Burlington's roots are in transportation and manufacturing. Manufacturing plants are among the largest employers in the area, including companies such as American Ordnance LLC, Case Corporation, General Electric, Champion Spark Plugs, Lance Private Brands, and Burlington Northern Santa Fe Railway. The largest employer in the area is the Great River Medical Center. Wal-Martmarker is the largest retail employer in Burlington. Among one of the oldest businesses in Burlington, is Case Corporation, which has been at its current location on Des Moines Avenue, approximately a quarter mile from the Mississippi River, since 1937. The first backhoes rolled off the assembly line at the Burlington plant in 1967, which is now the only plant in the United States that produces the Case Loader/Backhoe, giving Burlington the nickname "Backhoe Capitol of the World." Over the last several years, several businesses have either left the area, or have relocated elsewhere, these business include Exide, makers of vehicle batteries, CAT Case Corporation's closest competitor in American made construction equipment manufacturing, and Leigh-Leopold, makers of office furniture, this has left some former manufacturing plants around the city empty, but other businesses have moved into them, PPG, makers of auto safety glass have moved into the former CAT plant, and a warehouse has moved into the former Leopold building.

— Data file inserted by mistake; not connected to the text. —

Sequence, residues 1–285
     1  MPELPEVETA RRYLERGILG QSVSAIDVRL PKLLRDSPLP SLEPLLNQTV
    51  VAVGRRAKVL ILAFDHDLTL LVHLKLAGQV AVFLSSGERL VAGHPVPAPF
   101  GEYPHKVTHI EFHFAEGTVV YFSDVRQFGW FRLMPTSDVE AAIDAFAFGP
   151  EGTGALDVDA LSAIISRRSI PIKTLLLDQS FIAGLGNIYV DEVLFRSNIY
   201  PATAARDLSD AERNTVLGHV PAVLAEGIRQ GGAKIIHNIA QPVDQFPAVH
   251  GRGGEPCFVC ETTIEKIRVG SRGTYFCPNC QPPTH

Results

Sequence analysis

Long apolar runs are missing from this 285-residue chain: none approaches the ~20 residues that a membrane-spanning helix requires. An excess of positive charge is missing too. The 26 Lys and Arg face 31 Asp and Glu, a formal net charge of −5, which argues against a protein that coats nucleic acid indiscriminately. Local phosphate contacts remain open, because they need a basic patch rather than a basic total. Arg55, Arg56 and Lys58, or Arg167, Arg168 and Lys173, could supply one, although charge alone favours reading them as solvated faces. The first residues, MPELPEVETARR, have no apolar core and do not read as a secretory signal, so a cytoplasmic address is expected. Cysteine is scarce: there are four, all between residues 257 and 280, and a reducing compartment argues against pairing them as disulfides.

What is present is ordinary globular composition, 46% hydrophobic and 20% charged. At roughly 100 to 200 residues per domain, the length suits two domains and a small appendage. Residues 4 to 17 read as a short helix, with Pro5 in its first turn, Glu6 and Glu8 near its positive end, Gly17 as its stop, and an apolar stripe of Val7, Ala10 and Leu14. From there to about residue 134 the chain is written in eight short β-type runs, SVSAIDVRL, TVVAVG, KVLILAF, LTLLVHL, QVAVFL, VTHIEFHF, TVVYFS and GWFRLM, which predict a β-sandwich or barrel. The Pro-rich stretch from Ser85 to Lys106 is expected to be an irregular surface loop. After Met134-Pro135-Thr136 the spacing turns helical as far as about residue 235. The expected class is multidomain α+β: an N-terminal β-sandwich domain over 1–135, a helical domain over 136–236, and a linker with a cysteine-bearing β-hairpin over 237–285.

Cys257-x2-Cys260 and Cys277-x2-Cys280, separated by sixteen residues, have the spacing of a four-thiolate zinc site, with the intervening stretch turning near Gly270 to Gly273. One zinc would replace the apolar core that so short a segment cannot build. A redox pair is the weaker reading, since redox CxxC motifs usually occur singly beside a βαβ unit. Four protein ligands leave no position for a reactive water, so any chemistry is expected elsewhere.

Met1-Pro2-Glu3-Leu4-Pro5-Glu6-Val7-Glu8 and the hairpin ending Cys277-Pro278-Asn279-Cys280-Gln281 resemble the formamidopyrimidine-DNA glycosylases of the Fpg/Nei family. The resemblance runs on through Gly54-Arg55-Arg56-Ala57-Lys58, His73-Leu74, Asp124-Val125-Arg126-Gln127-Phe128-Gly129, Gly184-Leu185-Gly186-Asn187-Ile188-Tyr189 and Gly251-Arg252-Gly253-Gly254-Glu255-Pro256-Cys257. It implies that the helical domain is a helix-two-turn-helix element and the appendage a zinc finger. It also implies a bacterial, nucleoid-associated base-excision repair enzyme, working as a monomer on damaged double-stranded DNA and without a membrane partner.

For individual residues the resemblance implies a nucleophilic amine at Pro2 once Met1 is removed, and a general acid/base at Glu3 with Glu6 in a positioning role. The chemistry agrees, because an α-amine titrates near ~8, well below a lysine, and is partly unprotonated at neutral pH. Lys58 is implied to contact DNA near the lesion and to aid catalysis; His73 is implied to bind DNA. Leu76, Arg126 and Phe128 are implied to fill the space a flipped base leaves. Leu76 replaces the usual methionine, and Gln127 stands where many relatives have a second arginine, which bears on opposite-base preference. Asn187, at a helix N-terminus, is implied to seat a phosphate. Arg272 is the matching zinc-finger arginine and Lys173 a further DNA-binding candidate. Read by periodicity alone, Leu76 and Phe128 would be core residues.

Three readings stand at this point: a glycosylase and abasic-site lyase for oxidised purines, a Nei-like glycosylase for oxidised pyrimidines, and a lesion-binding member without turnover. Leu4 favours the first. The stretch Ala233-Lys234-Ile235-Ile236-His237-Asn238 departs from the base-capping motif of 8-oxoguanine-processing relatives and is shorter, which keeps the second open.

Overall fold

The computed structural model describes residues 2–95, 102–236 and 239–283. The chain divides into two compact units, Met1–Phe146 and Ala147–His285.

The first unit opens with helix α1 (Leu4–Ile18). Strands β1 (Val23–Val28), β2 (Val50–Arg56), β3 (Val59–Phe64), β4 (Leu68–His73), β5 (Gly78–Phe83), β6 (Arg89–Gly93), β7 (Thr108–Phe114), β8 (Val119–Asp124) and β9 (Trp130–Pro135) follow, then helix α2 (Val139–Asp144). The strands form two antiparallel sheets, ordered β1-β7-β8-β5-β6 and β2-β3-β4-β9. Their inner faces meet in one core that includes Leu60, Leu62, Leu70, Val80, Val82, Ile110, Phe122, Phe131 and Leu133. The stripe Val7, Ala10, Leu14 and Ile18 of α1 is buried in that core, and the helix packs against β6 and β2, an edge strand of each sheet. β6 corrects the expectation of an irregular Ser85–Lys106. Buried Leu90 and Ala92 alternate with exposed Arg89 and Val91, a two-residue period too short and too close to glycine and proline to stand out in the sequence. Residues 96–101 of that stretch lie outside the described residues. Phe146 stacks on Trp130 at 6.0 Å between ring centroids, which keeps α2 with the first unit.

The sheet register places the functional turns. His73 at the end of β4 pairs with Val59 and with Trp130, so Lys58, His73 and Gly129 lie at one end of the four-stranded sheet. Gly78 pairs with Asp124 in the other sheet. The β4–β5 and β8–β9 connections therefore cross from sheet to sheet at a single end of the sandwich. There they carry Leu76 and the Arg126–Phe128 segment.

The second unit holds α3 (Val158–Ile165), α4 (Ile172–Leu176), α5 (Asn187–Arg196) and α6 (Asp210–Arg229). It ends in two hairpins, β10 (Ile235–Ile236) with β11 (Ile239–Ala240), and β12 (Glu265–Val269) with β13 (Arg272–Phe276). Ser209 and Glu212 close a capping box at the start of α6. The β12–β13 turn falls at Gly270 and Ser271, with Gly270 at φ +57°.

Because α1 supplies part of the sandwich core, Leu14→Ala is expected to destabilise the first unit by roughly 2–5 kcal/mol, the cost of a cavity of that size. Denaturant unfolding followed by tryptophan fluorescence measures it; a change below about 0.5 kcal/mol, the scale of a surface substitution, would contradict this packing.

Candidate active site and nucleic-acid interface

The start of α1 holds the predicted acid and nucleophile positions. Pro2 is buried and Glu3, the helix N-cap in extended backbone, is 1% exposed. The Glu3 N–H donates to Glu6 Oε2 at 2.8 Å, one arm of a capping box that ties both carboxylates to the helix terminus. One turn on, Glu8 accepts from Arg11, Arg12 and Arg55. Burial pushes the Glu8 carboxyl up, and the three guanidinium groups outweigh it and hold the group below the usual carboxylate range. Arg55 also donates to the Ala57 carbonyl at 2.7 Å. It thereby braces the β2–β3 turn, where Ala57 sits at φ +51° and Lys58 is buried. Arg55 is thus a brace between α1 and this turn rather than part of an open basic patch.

Sister city

Burlington has one sister city, as designated by Sister Cities International:


Burlington is the home of the Burlington Bees baseball team, a member of the Class A Midwest League. The Bees play at Community Fieldmarker, which underwent extensive renovation in 2005.